On August 16, 2008, Stephanie Nielson boarded a Cessna 177 Cardinal for a daytrip with her husband, Christian, who had recently earned his pilot’s license, and Doug Kinneard, Christian’s flight instructor and dear friend.
After stopping in St. Johns, Arizona, to refuel for their return to Mesa, the small plane sped down the runway and climbed into the sky. But without warning, the plane plummeted to the quiet neighborhood below.
The 27-year-old mother of four was knocked unconscious upon impact, only to awaken to the sickening smell of burning fuel and burning flesh—her flesh. “I was drowning in flames,” she recalls. “I reached for the seatbelt, but I couldn’t find it. I couldn’t get out.”
But then she suddenly felt someone at her side guiding her hand to unbuckle the seatbelt and guiding her to the airplane door—and that someone was her deceased nana, Aurora. When Nielson escaped from the plane, her body engulfed in flames, her grandmother told her: “Roll.”
“There were people from the other side of the veil helping me,” Nielson says. “I felt my grandmother and others there.”
In addition to help from loved ones beyond the veil, Nielson says there were other miracles that day.
“The first miracle is that when we crashed, we didn’t hurt anyone on the ground,” she says. And Nielson believes where the plane crashed was no coincidence—across from an LDS bishop’s home.
“I remember men running over to me,” she recalls. “The first thing they asked is if there were other people in the plane. Then they asked if I was LDS and if I wanted a priesthood blessing. They gave me a blessing that I would be comforted and that things would turn out the way they were supposed to, and that I would have limited pain. It was awful, but it was a very spiritual moment.”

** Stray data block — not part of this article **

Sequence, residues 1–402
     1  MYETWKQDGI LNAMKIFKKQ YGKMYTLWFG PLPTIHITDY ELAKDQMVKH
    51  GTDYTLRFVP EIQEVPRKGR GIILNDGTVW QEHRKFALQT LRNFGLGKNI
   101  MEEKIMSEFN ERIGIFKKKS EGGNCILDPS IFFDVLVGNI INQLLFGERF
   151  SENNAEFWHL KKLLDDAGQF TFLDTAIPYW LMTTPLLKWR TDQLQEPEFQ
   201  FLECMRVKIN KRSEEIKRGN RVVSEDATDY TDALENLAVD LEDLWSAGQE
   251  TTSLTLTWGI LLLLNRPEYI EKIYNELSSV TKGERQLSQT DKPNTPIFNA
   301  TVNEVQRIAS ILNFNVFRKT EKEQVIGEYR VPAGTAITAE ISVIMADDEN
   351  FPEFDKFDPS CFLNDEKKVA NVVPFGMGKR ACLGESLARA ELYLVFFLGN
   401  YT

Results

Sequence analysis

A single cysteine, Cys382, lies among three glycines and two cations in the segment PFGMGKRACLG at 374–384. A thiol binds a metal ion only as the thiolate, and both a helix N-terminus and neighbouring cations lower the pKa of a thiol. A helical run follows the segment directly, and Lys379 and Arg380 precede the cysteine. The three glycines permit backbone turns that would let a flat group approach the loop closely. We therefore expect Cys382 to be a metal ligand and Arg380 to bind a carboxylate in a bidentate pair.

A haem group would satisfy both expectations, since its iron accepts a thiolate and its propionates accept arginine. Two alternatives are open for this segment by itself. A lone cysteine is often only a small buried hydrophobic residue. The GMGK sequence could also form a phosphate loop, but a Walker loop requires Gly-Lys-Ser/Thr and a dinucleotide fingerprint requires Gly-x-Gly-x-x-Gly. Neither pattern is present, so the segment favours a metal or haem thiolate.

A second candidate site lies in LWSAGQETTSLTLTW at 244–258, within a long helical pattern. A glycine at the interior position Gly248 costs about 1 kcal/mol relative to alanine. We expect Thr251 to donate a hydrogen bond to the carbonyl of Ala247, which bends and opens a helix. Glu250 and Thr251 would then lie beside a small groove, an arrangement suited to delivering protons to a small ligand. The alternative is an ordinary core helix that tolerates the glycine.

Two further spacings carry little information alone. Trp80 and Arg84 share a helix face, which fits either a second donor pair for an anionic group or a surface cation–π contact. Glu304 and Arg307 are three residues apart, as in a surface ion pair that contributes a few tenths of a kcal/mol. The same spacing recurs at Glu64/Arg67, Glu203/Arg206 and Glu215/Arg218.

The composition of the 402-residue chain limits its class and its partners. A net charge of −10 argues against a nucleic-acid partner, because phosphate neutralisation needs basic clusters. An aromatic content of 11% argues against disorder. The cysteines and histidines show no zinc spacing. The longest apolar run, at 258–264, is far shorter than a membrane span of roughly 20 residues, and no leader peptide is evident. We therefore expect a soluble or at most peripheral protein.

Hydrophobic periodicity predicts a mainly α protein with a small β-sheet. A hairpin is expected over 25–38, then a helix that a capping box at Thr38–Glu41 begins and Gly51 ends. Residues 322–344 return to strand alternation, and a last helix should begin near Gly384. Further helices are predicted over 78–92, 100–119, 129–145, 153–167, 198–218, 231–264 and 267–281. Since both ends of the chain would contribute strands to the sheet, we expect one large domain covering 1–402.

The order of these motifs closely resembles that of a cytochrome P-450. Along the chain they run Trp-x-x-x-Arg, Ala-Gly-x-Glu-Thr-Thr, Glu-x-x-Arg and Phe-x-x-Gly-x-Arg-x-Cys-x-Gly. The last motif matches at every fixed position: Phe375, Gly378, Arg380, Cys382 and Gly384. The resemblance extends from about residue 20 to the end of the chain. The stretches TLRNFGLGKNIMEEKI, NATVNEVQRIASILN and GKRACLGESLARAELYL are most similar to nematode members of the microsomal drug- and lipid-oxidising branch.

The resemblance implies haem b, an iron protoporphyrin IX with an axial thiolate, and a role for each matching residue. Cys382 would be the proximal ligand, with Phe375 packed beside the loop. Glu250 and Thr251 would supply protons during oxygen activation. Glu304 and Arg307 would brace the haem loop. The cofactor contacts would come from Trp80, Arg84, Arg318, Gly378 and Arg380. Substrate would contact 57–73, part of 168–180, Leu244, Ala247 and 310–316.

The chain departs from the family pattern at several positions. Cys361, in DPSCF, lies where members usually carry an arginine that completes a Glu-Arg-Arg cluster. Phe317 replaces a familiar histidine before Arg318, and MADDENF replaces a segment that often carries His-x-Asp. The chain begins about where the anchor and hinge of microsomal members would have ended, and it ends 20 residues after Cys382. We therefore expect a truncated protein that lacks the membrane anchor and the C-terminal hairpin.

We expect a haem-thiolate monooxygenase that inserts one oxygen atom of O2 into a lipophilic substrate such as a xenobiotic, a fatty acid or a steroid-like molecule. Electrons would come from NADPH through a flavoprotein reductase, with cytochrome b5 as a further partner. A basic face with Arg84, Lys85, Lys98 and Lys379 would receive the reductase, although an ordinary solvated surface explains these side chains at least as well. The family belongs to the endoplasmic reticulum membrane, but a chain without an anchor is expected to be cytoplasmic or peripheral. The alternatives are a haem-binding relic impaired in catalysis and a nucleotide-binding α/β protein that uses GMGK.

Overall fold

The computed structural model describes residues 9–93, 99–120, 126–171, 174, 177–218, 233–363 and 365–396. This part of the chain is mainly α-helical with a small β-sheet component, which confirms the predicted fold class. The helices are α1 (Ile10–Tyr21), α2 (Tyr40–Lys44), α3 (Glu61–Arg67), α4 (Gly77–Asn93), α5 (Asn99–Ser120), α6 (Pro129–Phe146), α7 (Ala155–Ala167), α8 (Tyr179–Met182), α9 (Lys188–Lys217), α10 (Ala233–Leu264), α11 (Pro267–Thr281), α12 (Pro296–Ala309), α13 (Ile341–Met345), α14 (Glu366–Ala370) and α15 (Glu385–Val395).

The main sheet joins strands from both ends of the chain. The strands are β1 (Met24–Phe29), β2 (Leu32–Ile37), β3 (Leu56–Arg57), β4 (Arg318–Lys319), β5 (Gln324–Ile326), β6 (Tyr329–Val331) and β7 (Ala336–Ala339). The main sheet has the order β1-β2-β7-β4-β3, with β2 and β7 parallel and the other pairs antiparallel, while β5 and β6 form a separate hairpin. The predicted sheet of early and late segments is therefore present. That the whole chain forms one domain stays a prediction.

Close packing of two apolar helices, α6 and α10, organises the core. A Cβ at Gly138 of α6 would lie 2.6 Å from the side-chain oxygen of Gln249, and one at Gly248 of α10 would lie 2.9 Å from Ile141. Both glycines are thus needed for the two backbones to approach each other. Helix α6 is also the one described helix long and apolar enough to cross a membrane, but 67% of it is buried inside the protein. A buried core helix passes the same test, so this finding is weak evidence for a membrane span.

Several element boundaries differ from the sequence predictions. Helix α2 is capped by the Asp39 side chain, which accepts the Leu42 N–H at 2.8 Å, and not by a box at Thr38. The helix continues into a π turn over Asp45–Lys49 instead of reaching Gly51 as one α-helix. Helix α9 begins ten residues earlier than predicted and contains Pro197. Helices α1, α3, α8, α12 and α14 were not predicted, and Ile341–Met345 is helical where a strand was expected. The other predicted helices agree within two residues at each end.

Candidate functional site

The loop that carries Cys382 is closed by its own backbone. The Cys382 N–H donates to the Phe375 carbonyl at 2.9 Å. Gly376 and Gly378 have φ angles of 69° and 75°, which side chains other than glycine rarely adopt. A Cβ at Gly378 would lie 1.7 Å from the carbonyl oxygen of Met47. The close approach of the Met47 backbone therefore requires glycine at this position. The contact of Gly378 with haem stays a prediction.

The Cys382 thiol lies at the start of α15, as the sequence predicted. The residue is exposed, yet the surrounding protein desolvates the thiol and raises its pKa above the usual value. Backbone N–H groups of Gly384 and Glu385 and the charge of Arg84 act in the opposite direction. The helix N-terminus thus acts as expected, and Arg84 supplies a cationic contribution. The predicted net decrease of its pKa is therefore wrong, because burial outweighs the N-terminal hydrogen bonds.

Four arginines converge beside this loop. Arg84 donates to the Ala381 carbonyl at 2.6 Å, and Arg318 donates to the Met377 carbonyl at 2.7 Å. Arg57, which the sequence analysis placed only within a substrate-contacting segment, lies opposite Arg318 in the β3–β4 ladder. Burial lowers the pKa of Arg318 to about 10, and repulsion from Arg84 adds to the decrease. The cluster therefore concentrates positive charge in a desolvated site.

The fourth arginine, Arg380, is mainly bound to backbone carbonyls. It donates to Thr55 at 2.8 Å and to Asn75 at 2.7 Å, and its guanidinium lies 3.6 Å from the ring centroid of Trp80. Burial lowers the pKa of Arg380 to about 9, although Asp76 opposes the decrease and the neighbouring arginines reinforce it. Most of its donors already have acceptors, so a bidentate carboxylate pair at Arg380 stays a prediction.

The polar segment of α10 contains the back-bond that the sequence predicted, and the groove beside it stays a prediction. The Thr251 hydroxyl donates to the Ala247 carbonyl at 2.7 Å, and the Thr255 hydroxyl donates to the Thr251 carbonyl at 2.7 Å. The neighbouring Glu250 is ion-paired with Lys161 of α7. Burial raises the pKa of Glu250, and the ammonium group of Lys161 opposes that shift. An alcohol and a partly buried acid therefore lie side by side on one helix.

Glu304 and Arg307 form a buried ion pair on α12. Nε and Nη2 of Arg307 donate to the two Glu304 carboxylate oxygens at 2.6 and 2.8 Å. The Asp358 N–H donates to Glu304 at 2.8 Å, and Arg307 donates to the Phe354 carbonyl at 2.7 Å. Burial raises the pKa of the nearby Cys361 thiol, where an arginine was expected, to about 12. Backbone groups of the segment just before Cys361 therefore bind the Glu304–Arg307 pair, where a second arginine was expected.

Words from an Apostle
Despite these miracles, Stephanie Nielson suffered burns on 80 percent of her body. Not only that but now she had to grapple with a new problem, her self-esteem and sense of worth.
"I felt like a monster," Nielson said at a BYU-Idaho devotional on Tuesday. She continued, sharing her thoughts after the accident, "Who is this person in the mirror? Will I ever like the way I look again? Can I love myself if I look this way?”
It was during a particularly trying day that Nielson had a conversation with Elder Jeffrey R. Holland that helped change her view of herself. Elder Holland told Nielson that her scars were a "witness of a miracle."
With these comforting words and the teachings of the Church, Nielson rediscovered her infinite worth as a daughter of God, a value that transcended her appearance.
Finding New Hope
Because of this experience, Nielson has been able to help others find their worth through her charity, Beauty Rises.
As she's thought over these events, Nielson has realized her experience reflects that of the new Provo City Center Temple.
"We are all rising from the ashes," she shared at the devotional. "Your story might not include fire and physical pain, but as you look at the temple I hope it reminds you the beautiful transformation that took place . . . The temple for me is a reminder of God's healing powers and so much hope. We were both literally reduced to ashes and born again strong, brave, courageous, new wisdom, and a different kind of beauty."
She continues, “Now when I look in the mirror I see a woman of faith, a woman of courage, I see a mother, a daughter, and a wife," Nielson said in her talk. “In my scars, I see strength I see hope, I see miracles, I see God.”
Lead image a screenshot from YouTube.
To read more of Stephanie Nielson's inspiring true story, check out Heaven Is Here: An Incredible Story of Hope, Triumph, and Everyday Joy.